HARRISVILLE Lewis County General Hospital officials plan to expand operations at their Harrisville clinic in response to the impending closure of another part-time health clinic here.
If we get an influx and we cant react, well lose those patients, CEO Eric R. Burch told the county-owned hospitals board of managers last week.
Hospital managers unanimously approved increasing the Harrisville Family Health Center from a three-day-per-week operation to a four-day one, although Mr. Burch said the move probably will take about a month to implement.
E.J. Noble Hospital, Gouverneur, has asked the state Health Department for permission to close its satellite health clinic here, possibly this fall, as part of efforts to improve its fiscal condition.
If that is granted, the roughly 600 active patients at the Noble clinic will be sent letters recommending the Lewis Hospital clinic for those who wish to continue going to a family practitioner in Harrisville, Mr. Burch said.
While many are expected to choose other health care options, the Harrisville Family Health Center now open Monday, Thursday and Friday is already having difficulty scheduling patients, and adding more would make the delays even more pronounced, he said.
Im one of the ones that had a five-day delay for an appointment, said Legislator Philip C. Hathway, R-Harrisville, chairman of the legislative Hospital Committee and member of the board of managers.
While only open three days per week, since its February re-opening the clinic has seen a patient load that exceeds the level initially budgeted for a five-day-per-week operation, said interim Chief Financial Officer Jeffery W. Hellinger.
Carthage Area Hospital last summer relinquished control of the clinic to the Lowville hospital as part of a consolidation effort intended to get the Carthage facility back on solid financial ground.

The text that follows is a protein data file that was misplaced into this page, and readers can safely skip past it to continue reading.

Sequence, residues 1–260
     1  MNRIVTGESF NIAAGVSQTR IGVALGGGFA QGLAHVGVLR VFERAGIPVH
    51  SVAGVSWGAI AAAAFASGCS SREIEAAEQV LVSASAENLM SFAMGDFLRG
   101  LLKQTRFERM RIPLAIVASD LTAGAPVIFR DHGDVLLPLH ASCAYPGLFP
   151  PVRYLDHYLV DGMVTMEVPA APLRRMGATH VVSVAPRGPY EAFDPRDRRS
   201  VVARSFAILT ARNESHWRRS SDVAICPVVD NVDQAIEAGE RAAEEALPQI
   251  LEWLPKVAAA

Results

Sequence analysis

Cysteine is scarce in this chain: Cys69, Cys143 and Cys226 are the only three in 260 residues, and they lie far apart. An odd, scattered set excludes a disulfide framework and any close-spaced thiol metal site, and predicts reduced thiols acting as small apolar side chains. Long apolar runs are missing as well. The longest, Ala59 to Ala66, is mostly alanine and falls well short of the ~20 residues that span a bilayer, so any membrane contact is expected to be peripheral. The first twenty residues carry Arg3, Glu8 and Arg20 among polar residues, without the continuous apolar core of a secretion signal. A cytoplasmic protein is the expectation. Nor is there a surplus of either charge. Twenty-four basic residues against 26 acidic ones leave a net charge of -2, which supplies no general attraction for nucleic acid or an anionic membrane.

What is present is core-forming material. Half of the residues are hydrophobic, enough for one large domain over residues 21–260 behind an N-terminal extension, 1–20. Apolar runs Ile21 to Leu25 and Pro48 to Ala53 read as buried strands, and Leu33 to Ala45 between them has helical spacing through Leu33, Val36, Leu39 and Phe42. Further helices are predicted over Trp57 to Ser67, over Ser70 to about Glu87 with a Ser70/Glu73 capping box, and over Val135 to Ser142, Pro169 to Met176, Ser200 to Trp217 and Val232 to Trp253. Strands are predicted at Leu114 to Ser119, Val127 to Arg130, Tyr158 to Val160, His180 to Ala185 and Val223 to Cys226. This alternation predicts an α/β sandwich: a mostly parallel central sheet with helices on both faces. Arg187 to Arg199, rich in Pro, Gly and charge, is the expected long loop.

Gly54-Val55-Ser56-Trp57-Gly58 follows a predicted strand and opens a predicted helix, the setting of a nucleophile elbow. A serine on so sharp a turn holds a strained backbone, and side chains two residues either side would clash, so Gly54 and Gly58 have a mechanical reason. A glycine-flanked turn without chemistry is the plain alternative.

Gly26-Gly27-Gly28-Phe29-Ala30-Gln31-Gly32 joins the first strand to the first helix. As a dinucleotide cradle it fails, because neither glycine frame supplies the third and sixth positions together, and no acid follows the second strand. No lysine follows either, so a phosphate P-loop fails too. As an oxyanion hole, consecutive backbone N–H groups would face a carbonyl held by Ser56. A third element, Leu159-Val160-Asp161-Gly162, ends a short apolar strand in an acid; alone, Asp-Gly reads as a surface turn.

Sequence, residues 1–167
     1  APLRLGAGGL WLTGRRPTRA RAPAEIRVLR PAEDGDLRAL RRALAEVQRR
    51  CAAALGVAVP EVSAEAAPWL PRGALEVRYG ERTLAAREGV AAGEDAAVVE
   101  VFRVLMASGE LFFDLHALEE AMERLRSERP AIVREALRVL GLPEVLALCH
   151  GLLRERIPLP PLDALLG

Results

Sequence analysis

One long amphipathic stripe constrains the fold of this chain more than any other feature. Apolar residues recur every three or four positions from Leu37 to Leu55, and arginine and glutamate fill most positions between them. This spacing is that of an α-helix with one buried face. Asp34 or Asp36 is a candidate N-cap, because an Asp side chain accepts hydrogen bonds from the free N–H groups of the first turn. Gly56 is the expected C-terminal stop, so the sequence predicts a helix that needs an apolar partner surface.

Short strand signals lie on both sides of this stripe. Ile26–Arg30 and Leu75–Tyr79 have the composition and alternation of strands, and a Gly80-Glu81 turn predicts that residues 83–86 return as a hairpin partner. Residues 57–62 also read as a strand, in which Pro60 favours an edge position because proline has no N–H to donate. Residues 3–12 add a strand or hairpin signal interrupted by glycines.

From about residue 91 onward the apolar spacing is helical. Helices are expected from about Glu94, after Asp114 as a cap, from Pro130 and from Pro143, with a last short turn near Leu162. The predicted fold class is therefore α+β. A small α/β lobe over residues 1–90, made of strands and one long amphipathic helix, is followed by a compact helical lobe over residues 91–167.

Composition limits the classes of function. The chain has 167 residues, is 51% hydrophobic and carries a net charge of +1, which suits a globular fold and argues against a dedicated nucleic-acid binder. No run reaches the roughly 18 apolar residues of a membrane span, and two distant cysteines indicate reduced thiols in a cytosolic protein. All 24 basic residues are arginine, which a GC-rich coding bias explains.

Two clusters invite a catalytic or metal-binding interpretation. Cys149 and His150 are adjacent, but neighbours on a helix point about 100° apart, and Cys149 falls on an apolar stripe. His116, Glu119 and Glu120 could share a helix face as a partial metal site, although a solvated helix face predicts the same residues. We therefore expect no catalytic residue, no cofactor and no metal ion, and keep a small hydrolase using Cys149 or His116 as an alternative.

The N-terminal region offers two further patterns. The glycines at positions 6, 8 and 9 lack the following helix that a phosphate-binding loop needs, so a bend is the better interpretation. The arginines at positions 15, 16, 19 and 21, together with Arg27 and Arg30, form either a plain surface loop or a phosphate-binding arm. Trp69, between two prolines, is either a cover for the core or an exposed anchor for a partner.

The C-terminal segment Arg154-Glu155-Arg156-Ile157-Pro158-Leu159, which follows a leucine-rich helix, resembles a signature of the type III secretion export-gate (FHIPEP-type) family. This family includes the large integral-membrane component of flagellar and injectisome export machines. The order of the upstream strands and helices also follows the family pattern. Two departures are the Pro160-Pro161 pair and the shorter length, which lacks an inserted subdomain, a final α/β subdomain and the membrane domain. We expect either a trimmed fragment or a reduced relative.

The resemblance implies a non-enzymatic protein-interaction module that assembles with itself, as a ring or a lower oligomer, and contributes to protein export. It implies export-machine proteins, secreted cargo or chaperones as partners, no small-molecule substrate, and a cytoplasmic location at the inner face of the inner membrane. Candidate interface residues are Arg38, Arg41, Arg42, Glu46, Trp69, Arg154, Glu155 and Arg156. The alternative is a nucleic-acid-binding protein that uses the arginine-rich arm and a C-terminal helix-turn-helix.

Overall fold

However, state Department of Health officials required that a number of upgrades be made to the town of Diana-owned building at 14214 Church St. before allowing it to be used again as a health clinic, delaying its reopening.
The clinic is staffed by physician assistant Brittani L. Bickel, along with a licensed professional nurse and a physician office assistant.
Mrs. Bickel, a Harrisville resident, also sees patients on Tuesdays and Wednesdays at Lewis County General Hospitals Beaver River Family Health Center in Beaver Falls.
When asked by board Vice President Michael F. Young about the moves impact on the Beaver Falls clinic, Mr. Burch said other practitioners and staff there would have to pick up any slack.
Consultants have warned Lewis County officials that the hospital clinics also including ones in Lyons Falls and Copenhagen have not been profitable as standalone ventures. However, hospital officials see strategic placement of them near county borders as a way to attract residents in those areas to come to Lowville for ancillary services like laboratory work, surgeries and other such procedures rather than going to a neighboring hospital.
Also at last weeks Board of Managers meeting, Dr. David F. Rosner, general surgeon and medical staff president, reported plans to consolidate surgical offices at the Lowville hospital.
Dr. James V. Stillerman, whose office is now in the basement of the hospitals Medical Arts Building, plans to ultimately move into the first-floor office suite now shared by himself and the facilitys other surgeon, Dr. Vu Dinh, he said.
While no timetable has been established, the pending move should make it easier to coordinate operating room times between the three surgeons and allow them to accept more self-referrals, Dr. Rosner said.